Don't Miss Out On CrossCode, An Excellent Action-RPG

Illustration for article titled Don't Miss Out On CrossCode, An Excellent Action-RPG
Kotaku Game DiaryKotaku Game DiaryThe latest thoughts from a Kotaku staffer about a game we're playing.

What I love about CrossCode, an action-RPG that came out on Steam earlier this year, isn’t just that it’s charming as heck and feels great to play. No, what I love about CrossCode is that it’s secretly a puzzle game. Don’t miss out on this one, folks.


CrossCode, which I started playing last week after seeing it on Fahey’s GOTY list, is like a cross between .hack and Zelda. Set within the world of a fictional MMORPG called CrossWorlds, CrossCode has you play as an avatar named Lea who’s trying to figure out who she really is, while also uncovering mysteries and hearing plenty of MMO jokes along the way. She’ll slash up monsters with sword swings and a ranged bullet attack in Zelda-style combat. It’s a role-playing game on the outside, complete with shops and weapons and endless side quests, but at its heart it’s a puzzle game, one that isn’t afraid to kill you over and over again.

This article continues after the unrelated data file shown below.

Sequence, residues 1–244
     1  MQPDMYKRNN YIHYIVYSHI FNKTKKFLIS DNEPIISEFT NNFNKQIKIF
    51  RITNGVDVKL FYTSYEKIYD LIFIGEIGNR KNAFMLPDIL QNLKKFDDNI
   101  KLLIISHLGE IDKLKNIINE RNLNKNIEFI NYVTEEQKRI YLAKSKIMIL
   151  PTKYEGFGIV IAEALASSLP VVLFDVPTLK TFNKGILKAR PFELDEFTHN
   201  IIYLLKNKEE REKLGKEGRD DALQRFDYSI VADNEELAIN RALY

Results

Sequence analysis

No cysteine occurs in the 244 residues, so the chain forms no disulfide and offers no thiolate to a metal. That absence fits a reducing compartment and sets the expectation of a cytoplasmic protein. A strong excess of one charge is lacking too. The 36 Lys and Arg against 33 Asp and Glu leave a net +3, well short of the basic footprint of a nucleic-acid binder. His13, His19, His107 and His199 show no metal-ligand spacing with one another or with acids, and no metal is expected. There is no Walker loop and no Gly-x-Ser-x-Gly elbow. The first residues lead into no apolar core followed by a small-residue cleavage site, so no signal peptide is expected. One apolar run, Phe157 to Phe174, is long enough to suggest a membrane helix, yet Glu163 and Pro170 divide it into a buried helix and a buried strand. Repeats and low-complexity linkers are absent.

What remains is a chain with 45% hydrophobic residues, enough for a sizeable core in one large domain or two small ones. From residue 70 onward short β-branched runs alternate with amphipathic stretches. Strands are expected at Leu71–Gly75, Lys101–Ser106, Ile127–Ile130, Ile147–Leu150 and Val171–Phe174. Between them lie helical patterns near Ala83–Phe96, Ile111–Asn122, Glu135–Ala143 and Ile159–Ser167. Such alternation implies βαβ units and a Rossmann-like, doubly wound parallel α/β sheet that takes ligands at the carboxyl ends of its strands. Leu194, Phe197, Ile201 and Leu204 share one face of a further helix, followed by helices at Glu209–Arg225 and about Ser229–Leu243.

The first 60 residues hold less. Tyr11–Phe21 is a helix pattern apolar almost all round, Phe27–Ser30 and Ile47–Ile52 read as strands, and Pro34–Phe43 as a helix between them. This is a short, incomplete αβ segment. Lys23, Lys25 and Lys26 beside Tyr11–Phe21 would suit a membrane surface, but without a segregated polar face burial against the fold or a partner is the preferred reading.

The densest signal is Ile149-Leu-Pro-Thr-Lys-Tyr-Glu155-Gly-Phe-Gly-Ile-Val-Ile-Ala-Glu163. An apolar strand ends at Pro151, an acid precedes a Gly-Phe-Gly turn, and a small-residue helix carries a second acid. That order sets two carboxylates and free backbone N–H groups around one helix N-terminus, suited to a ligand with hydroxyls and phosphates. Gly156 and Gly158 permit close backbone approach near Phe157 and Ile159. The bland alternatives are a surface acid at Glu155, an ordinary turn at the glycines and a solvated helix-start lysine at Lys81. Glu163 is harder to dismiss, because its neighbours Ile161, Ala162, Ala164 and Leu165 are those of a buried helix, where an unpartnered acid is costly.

Here’s an example. Fairly early in the game, you might find this optional puzzle:

Illustration for article titled Don't Miss Out On CrossCode, An Excellent Action-RPG

Your job is to jump from platform to platform, sequentially activating switches and avoiding bullets from the nearby turrets. Get hit by a bullet and you’ll go plummeting into the abyss and have to start over again. You’ll have to dodge and block these projectiles as you jump, which can get pretty hairy, but when you die, you’ll just pop right back up on that leftmost ledge. Moving around feels great thanks to CrossCode’s sleek physics, and when you finally do finish the sequence after a few dozen deaths (don’t judge me), you’ll get the delicious jolt of satisfaction that comes with finishing a good puzzle.

Those are the obvious puzzles. What makes CrossCode really special is that every new room you explore is its own little puzzle box. Run into a new enemy, for example, and you might realize that he’s only susceptible to your long-ranged attacks. Spot a couple of boxes in the corner of a town’s alleyway and you might figure out that there’s a secret passage if you jump up high enough.

Illustration for article titled Don't Miss Out On CrossCode, An Excellent Action-RPG

CrossCode is massive—it’s an MMORPG, after all—and every new map screen is full of satisfying little moments. Although it’s a 2D game, there’s a lot of verticality in CrossCode, and each region is full of ledges, cliffs, and tricky jumps. It’s got a really great rhythm. As you move from map to map, you may find yourself slowing down and learning the layout of each level so you can figure out how to get high enough to reach every hidden chest and secret. The designers have thrown in a lot of smart vertical tricks and illusions, ones that I’ve very much enjoyed trying to figure out.